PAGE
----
Two months ago, we said that the EU was at a political, economic, social and emotional turning point. We saw converging trends for less Europe. Events since then, paradoxically, have helped Europeans to rediscover themselves and could be the trigger to revive the European project and economy.
Clearly, we are still in a period of transition:
Political choices and decisions in some countries are reshuffling the cards of the international arena. Pro-European centrist reformer Emmanuel Macron won the French presidency over far-right protectionist rival Marine Le Pen in early May. We await the upcoming elections in the UK, Austria, Italy and Germany.
US President Trump pulled the US out of the 2015 Paris Agreement on climate change – to a consistently negative reaction in Europe but an uncertain impact.
China has pivoted towards Europe and its commitment to international cooperation in trade, and the fight against climate change.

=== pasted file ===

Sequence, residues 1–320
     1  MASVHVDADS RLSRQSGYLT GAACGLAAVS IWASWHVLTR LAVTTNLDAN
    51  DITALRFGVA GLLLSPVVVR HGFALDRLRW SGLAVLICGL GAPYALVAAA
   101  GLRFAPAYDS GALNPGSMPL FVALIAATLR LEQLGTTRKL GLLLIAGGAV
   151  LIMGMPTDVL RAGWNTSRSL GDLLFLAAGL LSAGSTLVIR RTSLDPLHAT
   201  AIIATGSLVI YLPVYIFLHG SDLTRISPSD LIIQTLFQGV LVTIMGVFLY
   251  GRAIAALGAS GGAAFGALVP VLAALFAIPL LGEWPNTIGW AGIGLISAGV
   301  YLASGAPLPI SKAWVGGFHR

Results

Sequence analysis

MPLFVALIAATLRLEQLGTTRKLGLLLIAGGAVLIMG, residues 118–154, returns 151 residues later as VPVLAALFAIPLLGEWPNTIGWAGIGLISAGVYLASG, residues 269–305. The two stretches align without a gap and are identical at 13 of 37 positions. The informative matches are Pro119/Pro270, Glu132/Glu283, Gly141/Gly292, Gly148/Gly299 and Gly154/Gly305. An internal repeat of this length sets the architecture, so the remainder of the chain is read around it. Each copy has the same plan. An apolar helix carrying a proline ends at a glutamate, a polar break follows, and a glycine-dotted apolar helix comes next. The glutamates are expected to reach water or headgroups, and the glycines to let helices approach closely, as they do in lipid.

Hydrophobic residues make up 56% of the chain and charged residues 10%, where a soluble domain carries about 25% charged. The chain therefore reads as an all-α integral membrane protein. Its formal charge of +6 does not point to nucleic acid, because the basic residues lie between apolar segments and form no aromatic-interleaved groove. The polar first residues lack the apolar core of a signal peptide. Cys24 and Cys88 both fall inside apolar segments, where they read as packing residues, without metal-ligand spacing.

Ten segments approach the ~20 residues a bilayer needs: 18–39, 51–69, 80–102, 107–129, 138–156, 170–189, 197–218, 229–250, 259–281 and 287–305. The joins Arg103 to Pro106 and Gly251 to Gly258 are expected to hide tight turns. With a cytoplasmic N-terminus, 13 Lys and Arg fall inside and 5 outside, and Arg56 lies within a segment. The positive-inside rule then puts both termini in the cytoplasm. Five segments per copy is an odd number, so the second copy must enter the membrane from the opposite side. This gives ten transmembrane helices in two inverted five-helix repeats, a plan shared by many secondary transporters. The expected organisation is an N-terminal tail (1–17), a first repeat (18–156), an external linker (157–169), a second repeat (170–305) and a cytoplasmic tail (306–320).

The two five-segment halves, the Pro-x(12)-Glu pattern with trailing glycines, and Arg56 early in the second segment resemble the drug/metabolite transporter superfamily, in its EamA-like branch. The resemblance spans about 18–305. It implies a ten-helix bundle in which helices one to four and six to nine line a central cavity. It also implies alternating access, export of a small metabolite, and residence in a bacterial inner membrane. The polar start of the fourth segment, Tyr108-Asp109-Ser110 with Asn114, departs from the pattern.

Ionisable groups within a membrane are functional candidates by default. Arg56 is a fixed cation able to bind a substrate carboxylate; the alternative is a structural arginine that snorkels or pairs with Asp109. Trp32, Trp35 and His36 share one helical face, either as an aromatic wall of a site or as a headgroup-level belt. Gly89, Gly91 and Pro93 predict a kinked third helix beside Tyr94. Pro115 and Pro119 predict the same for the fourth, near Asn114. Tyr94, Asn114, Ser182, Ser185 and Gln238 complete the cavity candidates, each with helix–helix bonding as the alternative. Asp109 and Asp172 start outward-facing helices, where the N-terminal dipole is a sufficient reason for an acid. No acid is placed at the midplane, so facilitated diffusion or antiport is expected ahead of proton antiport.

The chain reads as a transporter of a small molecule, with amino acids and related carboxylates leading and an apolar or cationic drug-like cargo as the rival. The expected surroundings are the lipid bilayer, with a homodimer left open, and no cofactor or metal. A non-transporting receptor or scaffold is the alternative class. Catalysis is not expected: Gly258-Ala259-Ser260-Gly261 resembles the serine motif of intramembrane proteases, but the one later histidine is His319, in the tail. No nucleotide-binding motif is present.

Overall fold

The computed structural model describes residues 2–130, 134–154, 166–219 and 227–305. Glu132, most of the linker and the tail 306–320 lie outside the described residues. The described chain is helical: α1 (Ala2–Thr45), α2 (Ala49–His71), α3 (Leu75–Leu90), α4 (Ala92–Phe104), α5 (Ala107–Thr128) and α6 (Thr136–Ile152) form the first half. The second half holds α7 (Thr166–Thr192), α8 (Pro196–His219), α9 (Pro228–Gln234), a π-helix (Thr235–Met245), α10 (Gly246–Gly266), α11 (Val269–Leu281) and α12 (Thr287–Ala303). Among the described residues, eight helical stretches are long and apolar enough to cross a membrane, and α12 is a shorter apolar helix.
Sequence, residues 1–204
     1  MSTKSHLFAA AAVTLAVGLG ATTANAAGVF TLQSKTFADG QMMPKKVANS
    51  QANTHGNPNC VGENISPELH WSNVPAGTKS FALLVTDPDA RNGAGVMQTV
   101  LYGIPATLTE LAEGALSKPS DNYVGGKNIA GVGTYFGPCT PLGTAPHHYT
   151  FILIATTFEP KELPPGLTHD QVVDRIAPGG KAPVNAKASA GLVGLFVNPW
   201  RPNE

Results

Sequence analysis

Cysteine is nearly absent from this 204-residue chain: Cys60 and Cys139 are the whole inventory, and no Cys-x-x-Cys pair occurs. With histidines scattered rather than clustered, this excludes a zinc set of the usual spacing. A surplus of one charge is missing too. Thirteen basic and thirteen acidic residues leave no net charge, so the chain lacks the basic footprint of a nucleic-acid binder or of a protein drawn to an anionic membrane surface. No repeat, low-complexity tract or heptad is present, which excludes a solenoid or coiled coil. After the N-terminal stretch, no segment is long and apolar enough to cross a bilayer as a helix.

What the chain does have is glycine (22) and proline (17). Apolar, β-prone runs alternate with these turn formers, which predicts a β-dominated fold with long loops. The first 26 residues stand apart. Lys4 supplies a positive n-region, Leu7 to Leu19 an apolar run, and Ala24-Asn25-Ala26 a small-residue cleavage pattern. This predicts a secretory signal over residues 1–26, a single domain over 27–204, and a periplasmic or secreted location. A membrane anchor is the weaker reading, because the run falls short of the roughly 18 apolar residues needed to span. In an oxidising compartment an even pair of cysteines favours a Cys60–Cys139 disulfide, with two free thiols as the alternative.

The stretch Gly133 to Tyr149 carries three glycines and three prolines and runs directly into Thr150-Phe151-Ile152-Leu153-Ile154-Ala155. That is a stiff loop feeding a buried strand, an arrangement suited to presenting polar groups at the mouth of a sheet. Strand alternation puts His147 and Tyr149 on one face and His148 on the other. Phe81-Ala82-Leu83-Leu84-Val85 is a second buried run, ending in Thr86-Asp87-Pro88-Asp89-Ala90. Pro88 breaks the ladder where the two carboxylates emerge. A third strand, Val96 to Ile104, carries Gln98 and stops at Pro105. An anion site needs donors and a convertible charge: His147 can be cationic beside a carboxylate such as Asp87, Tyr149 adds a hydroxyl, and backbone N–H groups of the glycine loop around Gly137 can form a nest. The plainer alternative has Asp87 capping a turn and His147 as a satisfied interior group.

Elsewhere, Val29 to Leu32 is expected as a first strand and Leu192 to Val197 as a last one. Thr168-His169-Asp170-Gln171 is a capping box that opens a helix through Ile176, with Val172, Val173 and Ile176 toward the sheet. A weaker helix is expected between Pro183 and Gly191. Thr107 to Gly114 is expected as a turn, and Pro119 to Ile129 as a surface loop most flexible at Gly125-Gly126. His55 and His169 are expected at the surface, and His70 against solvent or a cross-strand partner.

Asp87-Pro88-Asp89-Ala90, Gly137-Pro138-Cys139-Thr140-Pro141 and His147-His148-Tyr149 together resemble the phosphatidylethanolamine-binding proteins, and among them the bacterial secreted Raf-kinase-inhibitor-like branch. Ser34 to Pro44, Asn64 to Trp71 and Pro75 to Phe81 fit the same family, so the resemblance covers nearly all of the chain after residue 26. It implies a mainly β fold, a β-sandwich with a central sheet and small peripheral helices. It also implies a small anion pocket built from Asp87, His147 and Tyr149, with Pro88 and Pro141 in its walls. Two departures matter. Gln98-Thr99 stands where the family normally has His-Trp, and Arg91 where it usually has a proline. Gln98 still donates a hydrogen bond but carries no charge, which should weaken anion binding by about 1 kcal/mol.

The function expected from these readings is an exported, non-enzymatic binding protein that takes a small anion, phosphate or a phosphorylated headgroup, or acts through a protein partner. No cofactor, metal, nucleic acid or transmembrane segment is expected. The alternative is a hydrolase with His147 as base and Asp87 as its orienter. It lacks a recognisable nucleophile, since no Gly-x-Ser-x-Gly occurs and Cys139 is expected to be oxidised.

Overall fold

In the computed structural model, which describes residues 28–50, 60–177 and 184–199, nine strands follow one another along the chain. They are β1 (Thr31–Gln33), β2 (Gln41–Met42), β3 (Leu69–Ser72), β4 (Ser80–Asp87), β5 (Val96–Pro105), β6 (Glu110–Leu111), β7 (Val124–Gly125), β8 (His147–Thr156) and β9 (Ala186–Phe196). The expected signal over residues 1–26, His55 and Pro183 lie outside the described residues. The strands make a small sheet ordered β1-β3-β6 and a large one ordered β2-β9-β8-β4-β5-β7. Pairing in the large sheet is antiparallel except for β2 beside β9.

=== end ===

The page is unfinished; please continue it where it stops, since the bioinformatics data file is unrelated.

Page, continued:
The massive ransomware campaign, WannaCry, caused havoc when it hit public and private sector organisations in many parts of the world, stressing again our dependence on technology and vulnerability.
The surge of terrorism in Europe since 2014, with attacks in Belgium, France, German, Italy and mostly recently the UK, has emphasised the need for European cooperation on security.
The EU has engaged into a debate on its future model, scope and priorities. The debate started with the publication of a White Paper on the Future of Europe and will end by the time of the European Parliament elections in June 2019.
In this White Paper, the European Commission proposes five scenarios for the Union’s evolution depending on the choices Europe makes: “carrying on”, “nothing but the Single market”, “those who want more do more”, “doing less more efficiently” and “doing much more together”. Three topic-related reflection papers are also under discussion: the social dimension of Europe, harnessing globalisation and deepening of the economic and monetary union.
“We Europeans must really take our fate into own hands… We must fight for our future on our own, for our destiny as Europeans,” said Angela Merkel after the G7 and NATO Summits.
The success of Europe will depend on its ability to navigate the waves of change.
CEO of FERMA